The Yin and Yang of Understanding Data
When the Department of Energy's Office of Science announced the latest round of awards in the Scientific Discovery through Advanced Computing (SciDAC) program in September, the funded projects included a new Center for Enabling Technologies that will focus on meeting the visualization and analytics needs of scientists. Called the SciDAC Visualization and Analytics Center for Enabling Technologies, or VACET, the project will be co-led by Wes Bethel, head of the Visualization Group at Lawrence Berkeley National Laboratory, and Chris Johnson, director of the Scientific Computing Institute of the University of Utah. The VACET team also includes researchers at Lawrence Livermore and Oak Ridge national laboratories, the University of Utah and the University of California at Davis.
At the upcoming SC06 conference in Tampa, Bethel will give an overview and discuss the objectives of VACET in a talk at the LBNL booth (1812) at 11 a.m. Wednesday, Nov. 15. In the runup to SC06, Bethel took some time to talk about the field of analytics, how it contributes to computational science and where the fields of analytics and visualization are headed.
Question: First of all, how did the team for your SciDAC project come together?
Bethel: We wanted to strike a balance where we have members with research and production backgrounds. The result is a team with members from well-known university and DOE laboratory research programs along with representation from DOE's production visualization programs. This kind of blend will assure that we have top-quality research and development as well as the means to deploy the new technology at the computational facilities where the data will be computed, collected, stored and made available to distributed teams of SciDAC science researchers.
Chris Johnson from the University of Utah and myself share leadership duties of this project. Our team consists of Valerio Pascucci, Hank Childs and Peer-Timo Bremer from LLNL; Ken Joy and Bernd Hamann from UC Davis; Chris Johnson, Chuck Hansen, Claudio Silva, Steve Parker, Allen Sanderson, Xavier Tricoche and Marty Cole from the University of Utah; Sean Ahern, George Ostrouchov, and Jeremy Meredith from Oak Ridge National Laboratory; and of course Cristina Siegerist and myself from Berkeley Lab.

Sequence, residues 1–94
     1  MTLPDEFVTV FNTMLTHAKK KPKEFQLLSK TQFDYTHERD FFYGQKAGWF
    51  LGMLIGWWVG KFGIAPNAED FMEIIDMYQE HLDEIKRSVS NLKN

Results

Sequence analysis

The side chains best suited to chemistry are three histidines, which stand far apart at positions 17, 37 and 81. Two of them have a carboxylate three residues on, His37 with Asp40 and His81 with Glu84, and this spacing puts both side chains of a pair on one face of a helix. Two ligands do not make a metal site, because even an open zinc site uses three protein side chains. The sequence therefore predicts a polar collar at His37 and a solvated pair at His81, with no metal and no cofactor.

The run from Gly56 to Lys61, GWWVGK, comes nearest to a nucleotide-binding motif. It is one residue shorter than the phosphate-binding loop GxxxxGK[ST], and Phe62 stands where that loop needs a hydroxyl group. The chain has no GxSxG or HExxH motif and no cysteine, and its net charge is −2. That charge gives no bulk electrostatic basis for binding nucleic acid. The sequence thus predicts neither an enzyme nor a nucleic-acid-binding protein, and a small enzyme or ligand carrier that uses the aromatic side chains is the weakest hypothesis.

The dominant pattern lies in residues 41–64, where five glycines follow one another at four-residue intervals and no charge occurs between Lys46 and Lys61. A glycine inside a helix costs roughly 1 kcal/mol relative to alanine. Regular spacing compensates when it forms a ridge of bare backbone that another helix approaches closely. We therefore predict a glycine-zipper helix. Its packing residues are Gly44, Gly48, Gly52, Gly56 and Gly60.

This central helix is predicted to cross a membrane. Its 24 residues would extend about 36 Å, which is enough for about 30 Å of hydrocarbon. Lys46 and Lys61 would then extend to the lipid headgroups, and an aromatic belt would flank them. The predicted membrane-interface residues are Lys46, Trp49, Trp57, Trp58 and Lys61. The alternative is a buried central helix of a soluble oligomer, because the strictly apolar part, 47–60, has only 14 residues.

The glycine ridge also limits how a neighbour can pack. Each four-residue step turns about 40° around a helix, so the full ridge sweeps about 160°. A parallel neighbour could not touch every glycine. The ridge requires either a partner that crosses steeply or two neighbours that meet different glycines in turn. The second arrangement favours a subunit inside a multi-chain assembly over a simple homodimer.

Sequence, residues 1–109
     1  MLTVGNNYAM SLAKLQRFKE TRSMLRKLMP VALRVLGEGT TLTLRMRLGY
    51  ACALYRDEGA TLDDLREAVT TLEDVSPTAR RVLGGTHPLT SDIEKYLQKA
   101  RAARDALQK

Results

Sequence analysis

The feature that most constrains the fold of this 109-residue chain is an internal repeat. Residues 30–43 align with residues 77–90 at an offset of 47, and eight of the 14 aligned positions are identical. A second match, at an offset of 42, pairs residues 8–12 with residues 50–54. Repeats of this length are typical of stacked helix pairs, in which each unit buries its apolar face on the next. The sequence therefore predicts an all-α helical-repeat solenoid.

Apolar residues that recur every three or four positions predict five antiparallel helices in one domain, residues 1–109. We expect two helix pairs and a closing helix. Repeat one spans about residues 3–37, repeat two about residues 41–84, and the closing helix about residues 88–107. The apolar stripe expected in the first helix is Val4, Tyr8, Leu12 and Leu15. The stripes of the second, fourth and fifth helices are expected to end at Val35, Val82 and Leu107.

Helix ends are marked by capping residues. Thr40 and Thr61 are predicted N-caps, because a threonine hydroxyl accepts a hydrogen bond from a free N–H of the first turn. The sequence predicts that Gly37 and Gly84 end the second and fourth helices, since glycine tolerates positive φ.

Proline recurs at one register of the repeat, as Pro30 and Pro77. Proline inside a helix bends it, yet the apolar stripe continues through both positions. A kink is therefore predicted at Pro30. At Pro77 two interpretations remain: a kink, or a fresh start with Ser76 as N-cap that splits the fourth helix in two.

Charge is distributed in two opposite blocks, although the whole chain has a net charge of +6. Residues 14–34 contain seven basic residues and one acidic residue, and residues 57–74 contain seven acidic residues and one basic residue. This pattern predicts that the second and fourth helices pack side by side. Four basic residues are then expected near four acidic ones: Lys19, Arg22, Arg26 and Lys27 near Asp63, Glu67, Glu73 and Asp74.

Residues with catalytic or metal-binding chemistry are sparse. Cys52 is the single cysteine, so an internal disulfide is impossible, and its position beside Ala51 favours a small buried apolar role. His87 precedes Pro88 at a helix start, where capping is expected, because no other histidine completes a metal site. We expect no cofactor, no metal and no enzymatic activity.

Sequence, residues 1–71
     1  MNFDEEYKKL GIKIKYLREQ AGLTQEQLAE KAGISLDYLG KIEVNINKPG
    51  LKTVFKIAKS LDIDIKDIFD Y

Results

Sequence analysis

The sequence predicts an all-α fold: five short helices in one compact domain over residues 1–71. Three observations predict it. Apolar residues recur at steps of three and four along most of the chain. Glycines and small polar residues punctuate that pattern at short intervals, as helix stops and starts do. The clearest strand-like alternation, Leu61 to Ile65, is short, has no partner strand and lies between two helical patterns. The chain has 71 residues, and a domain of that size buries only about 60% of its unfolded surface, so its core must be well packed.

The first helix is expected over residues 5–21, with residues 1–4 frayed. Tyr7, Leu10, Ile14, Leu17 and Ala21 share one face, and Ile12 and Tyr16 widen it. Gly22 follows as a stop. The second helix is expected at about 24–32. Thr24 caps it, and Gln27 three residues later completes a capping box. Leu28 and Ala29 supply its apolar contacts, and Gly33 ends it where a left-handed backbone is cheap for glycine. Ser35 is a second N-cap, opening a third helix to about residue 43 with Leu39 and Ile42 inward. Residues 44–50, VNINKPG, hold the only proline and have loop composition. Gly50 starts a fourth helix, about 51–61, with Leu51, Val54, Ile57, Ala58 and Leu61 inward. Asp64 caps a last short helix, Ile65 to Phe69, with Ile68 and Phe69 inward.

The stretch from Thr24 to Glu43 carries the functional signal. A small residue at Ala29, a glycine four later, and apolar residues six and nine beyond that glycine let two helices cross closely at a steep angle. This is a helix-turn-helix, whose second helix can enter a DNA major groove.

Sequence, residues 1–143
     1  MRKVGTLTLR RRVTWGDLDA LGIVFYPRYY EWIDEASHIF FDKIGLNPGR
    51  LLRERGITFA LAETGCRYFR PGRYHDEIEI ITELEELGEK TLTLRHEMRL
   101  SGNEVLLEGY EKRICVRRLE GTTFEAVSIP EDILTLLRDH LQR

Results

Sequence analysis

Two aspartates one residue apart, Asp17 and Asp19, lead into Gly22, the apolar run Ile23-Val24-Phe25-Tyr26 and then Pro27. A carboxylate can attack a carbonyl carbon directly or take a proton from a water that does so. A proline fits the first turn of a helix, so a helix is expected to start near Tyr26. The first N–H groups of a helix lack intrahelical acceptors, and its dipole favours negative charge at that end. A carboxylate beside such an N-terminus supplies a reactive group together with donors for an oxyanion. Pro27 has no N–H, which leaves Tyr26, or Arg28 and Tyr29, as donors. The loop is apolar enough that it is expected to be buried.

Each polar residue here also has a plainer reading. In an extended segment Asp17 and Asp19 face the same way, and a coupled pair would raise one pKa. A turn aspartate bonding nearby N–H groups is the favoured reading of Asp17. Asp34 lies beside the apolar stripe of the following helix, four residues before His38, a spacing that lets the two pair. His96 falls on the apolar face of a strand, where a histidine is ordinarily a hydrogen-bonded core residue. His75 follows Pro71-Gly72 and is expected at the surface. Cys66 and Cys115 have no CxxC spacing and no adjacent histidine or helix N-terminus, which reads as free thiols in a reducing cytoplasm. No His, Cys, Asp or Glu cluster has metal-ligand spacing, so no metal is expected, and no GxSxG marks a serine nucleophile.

Every person on this team is “a superstar.” In four of the past eight years, members of this team have authored or co-authored Best Paper Award-winning papers at the IEEE Visualization conference. All have an impeccable record of publications and are recognized leaders in the field. But not only that, this team has architected and developed a vast amount of visualization software that has had a broad impact in DOE and NSF science and research programs. Not only are they first-class professionals, they are also fun to hang out with. One thing that is special about this team is that we all get along great. This combination really makes this team special to me. I'm honored to be working with such a great bunch of people.
Q: Last year, SC05 incorporated analytics into the conference program and this year, DOE agreed to fund your proposal to establish a center for analytics and visualization. Clearly, it's an emerging field. What's your definition of analytics and how does it fit into HPC?
Bethel: That's a question that reminds me of freshman philosophy class and the question, “What is love?” You can give a number of examples, but it's hard to define.
We can start by defining scientific visualization, which is the process of creating images from abstract scientific data. Analytics has been described as the science of analytical reasoning. To me, analytical reasoning means being able to draw conclusions based on hypothesis testing and the exploration of large, complex and occasionally incomplete data. Visual analytics is a way of facilitating such research through the use of interactive visual interfaces. Visualization and analytics are complementary technologies with no clearly defined boundary between them. Visualization helps accelerate analytics by relying on humans' vast cognitive processing abilities, the “yin” side of data understanding. Analytics gives hard, quantifiable measures, and is the “yang” side of data understanding.